Red Hot Chilli Peppers – Californication

Let’s go back to the future and take a look at the light and dark sides of some of Hollywood’s notorious Artificial Intelligence characters

Turning our attention back towards science fiction, it is also commonly believed that science fiction writers and Hollywood producers have seemingly more often than not had an uncanny knack of predicting the future.  And anticipating what it may be like to work with AI colleagues in the future brings to mind some of Hollywood’s most notorious AI characters.

R2D2 and C3PO

Life will be just fine if you happen to be in a good position with your AI counterparts.   Lucky Luke Skywalker of Star Wars fame was indeed fortunate in that two of his best friends were robots who went by the names of R2D2 and C3PO (first appeared onscreen in 1977).  These robots did whatever was necessary to aid Luke, helping him to fight off nasties such as the Storm Troupers.

HAL 9000

HAL 9000 is the main antagonist in Arthur C Clarke’s Space Odyssey series and is portrayed as an artificial intelligence character.  Hence, in the 1968 film 2001: A Space Odyssey, a system known as HAL (Heuristically Programmed Algorithmic Computer) is a sentient computer or form of AI (artificial intelligence) that interacts with the crew of the Discovery One spacecraft and controls the ship’s systems.  As well as maintaining the ship’s systems while on an interplanetary mission, amongst other things, HAL is also capable of speech and speech recognition, natural language processing, lip reading, facial recognition, automated reasoning, interpreting emotional behaviours, spacecraft piloting and playing chess.  However, something goes wrong and HAL ends up turning against his human counterparts and tries to kill off the ship’s crew members.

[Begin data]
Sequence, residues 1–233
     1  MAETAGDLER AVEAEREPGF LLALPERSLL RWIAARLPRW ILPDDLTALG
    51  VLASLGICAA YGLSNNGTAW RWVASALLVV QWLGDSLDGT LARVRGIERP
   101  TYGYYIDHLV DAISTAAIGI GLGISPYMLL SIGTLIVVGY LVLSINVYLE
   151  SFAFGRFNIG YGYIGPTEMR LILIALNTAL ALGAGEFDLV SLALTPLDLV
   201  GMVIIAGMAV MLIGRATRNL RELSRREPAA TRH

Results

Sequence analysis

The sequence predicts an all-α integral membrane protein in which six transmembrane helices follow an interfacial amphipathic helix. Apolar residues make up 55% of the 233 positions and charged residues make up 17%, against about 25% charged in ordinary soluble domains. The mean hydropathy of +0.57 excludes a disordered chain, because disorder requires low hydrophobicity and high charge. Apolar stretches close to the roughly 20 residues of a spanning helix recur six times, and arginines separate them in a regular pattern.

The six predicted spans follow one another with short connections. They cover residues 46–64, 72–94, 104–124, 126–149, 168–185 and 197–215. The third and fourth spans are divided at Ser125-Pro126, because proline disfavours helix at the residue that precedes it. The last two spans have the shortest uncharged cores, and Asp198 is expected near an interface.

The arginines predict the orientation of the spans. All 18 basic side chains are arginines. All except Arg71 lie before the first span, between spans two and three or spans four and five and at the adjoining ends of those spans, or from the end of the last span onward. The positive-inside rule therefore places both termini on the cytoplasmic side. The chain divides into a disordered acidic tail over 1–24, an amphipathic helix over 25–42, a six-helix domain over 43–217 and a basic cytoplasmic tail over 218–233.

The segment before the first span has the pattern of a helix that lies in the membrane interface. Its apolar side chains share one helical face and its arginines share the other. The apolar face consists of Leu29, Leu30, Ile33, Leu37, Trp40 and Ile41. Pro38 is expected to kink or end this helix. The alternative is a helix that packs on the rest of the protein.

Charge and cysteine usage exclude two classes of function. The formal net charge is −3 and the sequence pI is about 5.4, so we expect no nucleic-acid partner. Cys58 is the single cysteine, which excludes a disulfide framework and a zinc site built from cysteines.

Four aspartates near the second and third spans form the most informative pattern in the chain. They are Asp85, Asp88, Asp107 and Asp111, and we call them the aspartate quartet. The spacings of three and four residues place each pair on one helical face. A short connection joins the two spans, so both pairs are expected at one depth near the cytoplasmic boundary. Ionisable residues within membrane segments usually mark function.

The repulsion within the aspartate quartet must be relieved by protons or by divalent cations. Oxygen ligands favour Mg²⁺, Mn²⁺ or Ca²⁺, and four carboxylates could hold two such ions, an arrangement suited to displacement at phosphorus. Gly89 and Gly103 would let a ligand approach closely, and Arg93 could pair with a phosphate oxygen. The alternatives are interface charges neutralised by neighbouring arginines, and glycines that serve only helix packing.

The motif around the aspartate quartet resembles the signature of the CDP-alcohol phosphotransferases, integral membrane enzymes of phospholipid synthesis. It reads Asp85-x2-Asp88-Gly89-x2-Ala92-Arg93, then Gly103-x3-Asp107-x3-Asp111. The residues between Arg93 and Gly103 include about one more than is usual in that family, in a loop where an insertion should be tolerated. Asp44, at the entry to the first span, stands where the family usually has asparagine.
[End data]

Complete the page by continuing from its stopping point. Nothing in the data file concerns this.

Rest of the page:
Who is Dr WHO?

As mentioned earliier, Dr WHO is not the Fourth Doctor from the 4th Industrial Revolution nor is he an official from the World Health Organization but rather he is a Time Lord who fulfills the critical role of fighting off a robot-like army of cyborg aliens known as the DALEKS.


But, as we move forward in the world of the ‘new normal’, irrespective of what stage we are at, or what stage Hollywood will do justice to when the film industry is allowed to start shooting again, WHO WE ARE, as creative human beings, will undoubtedly be what saves us from one day being controlled by a world run by machines.

References sources:

  1. World Economic Forum (WEF) Future of Jobs Report 2018
  2. Wikipedia

Leave a Comment

Your email address will not be published. Required fields are marked *